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First phase of 1,301-home Griffin Park projects includes 104-foot wide Main St.
Developers of Griffin Park have agreed to repave a section of Tinnin Road south of Woodward Avenue that is within the jurisdiction of San Joaquin County.

South Main Street could become a 104-foot wide street from a point just south of Atherton Drive to Sedan Avenue within a few years under an agreement reached by the City of Manteca and developers of the 1,301-home Griffin Park.

Typically the city only requires builders to improve part of major streets that border the property they are developing. But in the case of Griffin Park three developers with Manteca roots — Raymus Homes, Manteca Development Group, and Atherton Homes — worked with the city in a bid to get the entire roadway widen to its ultimate configuration of 104 feet plus widen other  sections of the corridor not bordering their property.

During Tuesday’s City Council meeting that gave the project its final approval needed to move forward, the developers volunteered to have another condition added to the project after current residents living along Tinnin Road expressed frustration traffic from Griffin Park would further deteriorate a segment of the road between the project and Woodward Avenue that is within the jurisdiction of San Joaquin County.  The condition the developers added will require them to repave Tinnin Road from Griffin Park to Woodward Avenue.

The potential for South Main Street to go in as a 104-foot wide street before development occurs on both sides of the corridor is a departure from past practice. That has led to bottlenecks or squeezes in various locations on major streets throughout the city that took years to be widened. There are a number of instances where streets still haven’t been widened such as on Louise Avenue between Main Street and the Highway 99 overpass.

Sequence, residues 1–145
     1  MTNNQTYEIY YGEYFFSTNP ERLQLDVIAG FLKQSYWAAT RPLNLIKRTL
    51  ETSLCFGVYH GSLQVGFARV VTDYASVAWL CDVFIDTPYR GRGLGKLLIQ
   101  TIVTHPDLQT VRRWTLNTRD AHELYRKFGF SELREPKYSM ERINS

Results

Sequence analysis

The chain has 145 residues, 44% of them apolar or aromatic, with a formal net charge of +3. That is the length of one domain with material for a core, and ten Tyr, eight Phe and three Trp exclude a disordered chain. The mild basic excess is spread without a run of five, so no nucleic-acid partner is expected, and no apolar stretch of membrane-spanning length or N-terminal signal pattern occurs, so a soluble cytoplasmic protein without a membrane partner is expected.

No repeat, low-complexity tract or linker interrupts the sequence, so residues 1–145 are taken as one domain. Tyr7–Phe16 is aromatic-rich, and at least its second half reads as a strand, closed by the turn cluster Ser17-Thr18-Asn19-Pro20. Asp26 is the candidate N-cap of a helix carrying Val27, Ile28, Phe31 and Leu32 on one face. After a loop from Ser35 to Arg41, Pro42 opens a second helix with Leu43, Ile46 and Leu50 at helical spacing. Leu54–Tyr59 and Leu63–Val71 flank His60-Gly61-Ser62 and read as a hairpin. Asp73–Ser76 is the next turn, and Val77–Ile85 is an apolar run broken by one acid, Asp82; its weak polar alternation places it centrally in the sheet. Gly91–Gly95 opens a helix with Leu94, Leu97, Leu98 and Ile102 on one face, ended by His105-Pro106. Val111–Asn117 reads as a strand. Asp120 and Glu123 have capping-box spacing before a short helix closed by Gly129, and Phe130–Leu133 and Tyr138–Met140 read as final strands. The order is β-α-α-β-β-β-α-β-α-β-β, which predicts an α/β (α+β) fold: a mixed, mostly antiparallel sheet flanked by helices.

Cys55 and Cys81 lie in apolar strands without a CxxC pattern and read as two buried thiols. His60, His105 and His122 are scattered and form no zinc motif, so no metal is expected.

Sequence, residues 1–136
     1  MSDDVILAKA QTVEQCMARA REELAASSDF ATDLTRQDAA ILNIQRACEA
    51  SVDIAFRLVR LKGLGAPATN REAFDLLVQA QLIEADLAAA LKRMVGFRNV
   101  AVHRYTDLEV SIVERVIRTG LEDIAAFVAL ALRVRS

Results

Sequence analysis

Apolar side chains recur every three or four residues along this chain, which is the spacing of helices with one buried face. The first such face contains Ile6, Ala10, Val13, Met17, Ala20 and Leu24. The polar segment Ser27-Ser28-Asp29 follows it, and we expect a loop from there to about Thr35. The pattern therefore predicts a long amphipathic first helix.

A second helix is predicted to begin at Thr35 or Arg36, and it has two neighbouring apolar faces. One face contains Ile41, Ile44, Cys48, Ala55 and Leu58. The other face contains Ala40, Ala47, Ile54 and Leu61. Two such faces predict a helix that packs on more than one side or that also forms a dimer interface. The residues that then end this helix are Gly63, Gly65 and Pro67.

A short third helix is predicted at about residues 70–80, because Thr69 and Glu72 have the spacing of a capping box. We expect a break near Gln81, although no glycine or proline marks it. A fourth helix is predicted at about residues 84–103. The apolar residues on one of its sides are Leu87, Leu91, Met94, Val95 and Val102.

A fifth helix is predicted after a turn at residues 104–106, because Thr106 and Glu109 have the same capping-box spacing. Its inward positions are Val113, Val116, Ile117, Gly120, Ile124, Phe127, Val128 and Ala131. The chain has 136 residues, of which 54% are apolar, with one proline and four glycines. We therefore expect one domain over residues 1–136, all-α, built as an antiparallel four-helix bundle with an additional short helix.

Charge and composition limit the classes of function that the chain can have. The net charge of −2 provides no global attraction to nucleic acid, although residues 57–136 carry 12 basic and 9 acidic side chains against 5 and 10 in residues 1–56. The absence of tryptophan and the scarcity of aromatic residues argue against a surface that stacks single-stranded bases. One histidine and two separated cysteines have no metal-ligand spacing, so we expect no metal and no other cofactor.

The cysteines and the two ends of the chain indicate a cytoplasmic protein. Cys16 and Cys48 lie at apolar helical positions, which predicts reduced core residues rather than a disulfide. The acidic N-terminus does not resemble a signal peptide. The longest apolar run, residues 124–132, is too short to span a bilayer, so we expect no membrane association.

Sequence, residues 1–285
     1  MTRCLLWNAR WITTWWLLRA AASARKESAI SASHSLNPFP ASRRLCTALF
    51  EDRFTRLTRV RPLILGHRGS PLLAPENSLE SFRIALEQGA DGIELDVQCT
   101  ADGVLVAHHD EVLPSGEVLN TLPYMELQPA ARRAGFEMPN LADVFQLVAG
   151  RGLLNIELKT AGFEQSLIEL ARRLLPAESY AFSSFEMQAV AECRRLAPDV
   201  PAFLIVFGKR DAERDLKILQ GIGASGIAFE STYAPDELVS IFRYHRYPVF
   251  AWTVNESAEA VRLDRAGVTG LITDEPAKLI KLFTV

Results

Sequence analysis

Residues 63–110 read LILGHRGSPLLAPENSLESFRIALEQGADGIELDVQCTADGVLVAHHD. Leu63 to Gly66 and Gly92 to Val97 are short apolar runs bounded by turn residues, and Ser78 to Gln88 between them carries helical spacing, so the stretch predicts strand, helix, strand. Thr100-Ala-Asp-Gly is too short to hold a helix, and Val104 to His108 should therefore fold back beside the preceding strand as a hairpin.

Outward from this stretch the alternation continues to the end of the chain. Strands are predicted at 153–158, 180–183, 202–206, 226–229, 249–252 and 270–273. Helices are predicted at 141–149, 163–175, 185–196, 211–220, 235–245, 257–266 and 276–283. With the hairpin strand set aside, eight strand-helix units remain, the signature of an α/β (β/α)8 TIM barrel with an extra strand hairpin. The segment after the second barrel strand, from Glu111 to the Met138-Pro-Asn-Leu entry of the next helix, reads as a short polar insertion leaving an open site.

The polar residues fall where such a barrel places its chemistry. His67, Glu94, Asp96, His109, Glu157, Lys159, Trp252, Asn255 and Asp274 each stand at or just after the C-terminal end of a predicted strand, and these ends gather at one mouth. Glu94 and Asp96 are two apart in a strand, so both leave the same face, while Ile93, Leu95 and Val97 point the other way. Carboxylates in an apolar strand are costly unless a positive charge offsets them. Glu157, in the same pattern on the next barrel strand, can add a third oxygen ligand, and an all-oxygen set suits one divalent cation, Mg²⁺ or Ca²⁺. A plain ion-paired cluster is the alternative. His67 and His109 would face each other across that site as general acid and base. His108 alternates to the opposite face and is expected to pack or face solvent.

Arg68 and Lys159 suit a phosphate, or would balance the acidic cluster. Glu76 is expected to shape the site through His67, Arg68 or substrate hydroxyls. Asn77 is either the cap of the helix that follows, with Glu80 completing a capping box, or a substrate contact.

When the first phase of Griffin Park gets underway and assuming right-of-way from adjoining properties are obtained, South Main Street will be widen enough to accommodate four lanes with a 14-foot wide landscaped median from South Main to Sedan Avenue. The only things that won’t go in on the far west side are improvements beyond curb and gutter meaning sidewalks and landscaping. They won’t go in until adjoining land is developed.

A roundabout large enough to accommodate two lanes of traffic entering from each direction will be built at the future intersection of South Main and the Raymus Expressway.

In addition, the developers in a future phase assuming right-of-way is secured will widen South Main Street to accommodate four lanes from Woodward Avenue north to a point just south of Atherton Avenue where the southernmost part of a proposed shopping center that at one time SaveMart was going to anchor is located.

The city’s game plan is to have the developer of the shopping center when it is built finish widening South Main Street to Atherton Drive.

The city has no plans to widen South Main Street from Atherton Drive to the freeway overcrossing until such time as land is developed so the cost of the work would be on the dime of developers. Also there is no city project being fashioned to move forward with widening South Main Street over the 120 Bypass. If the city ultimately went with a diverging diamond design as they are at Union Road that can cost upwards of $10 million less than a typical interchange the city would still have to come up with $28 million in today’s dollars to build it.

The city at some point in the coming years will use growth fees to install traffic signals at Woodward Avenue and Atherton Drive.

The city is also requiring a roundabout to be built on Tinnin Road and the future intersection with the envisioned Raymus Parkway.

Developer Bill Filios indicated construction drawings will start on the first of five distinct villages planned in Griffin Park in the next few months.

To contact Dennis Wyatt, email